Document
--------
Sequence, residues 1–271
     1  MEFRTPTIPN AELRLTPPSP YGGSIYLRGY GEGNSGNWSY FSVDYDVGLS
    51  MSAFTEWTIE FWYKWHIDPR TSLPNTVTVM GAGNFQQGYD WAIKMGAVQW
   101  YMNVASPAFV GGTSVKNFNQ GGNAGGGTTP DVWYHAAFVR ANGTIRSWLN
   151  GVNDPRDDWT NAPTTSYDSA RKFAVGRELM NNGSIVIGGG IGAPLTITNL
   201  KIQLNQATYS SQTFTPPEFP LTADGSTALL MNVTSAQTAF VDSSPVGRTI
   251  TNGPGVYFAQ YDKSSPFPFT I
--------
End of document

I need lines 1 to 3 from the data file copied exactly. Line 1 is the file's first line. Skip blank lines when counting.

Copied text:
Sequence, residues 1–271
     1  MEFRTPTIPN AELRLTPPSP YGGSIYLRGY GEGNSGNWSY FSVDYDVGLS
    51  MSAFTEWTIE FWYKWHIDPR TSLPNTVTVM GAGNFQQGYD WAIKMGAVQW